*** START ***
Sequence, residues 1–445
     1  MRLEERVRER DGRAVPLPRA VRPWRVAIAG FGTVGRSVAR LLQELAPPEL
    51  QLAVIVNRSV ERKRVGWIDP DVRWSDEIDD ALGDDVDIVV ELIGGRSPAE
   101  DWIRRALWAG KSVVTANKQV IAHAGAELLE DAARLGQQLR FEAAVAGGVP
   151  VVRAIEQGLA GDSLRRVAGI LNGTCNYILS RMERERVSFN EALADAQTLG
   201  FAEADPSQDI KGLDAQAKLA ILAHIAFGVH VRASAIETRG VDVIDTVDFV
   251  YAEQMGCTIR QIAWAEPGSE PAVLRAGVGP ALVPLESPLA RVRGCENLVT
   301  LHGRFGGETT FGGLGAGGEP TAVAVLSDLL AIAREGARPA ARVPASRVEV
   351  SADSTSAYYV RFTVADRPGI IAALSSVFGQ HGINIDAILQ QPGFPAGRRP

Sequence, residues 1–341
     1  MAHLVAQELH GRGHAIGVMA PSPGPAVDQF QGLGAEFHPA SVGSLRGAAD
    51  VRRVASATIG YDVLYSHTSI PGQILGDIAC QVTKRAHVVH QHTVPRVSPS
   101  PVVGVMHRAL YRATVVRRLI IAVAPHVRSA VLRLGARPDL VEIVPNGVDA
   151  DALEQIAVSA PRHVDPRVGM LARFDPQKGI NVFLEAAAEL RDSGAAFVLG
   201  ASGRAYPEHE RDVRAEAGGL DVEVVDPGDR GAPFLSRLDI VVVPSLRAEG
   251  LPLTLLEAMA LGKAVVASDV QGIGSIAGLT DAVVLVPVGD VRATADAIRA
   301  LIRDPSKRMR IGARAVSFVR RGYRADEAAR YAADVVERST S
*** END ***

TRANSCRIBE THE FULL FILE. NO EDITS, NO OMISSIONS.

Sequence, residues 1–445
     1  MRLEERVRER DGRAVPLPRA VRPWRVAIAG FGTVGRSVAR LLQELAPPEL
    51  QLAVIVNRSV ERKRVGWIDP DVRWSDEIDD ALGDDVDIVV ELIGGRSPAE
   101  DWIRRALWAG KSVVTANKQV IAHAGAELLE DAARLGQQLR FEAAVAGGVP
   151  VVRAIEQGLA GDSLRRVAGI LNGTCNYILS RMERERVSFN EALADAQTLG
   201  FAEADPSQDI KGLDAQAKLA ILAHIAFGVH VRASAIETRG VDVIDTVDFV
   251  YAEQMGCTIR QIAWAEPGSE PAVLRAGVGP ALVPLESPLA RVRGCENLVT
   301  LHGRFGGETT FGGLGAGGEP TAVAVLSDLL AIAREGARPA ARVPASRVEV
   351  SADSTSAYYV RFTVADRPGI IAALSSVFGQ HGINIDAILQ QPGFPAGRRP

Sequence, residues 1–341
     1  MAHLVAQELH GRGHAIGVMA PSPGPAVDQF QGLGAEFHPA SVGSLRGAAD
    51  VRRVASATIG YDVLYSHTSI PGQILGDIAC QVTKRAHVVH QHTVPRVSPS
   101  PVVGVMHRAL YRATVVRRLI IAVAPHVRSA VLRLGARPDL VEIVPNGVDA
   151  DALEQIAVSA PRHVDPRVGM LARFDPQKGI NVFLEAAAEL RDSGAAFVLG
   201  ASGRAYPEHE RDVRAEAGGL DVEVVDPGDR GAPFLSRLDI VVVPSLRAEG
   251  LPLTLLEAMA LGKAVVASDV QGIGSIAGLT DAVVLVPVGD VRATADAIRA
   301  LIRDPSKRMR IGARAVSFVR RGYRADEAAR YAADVVERST S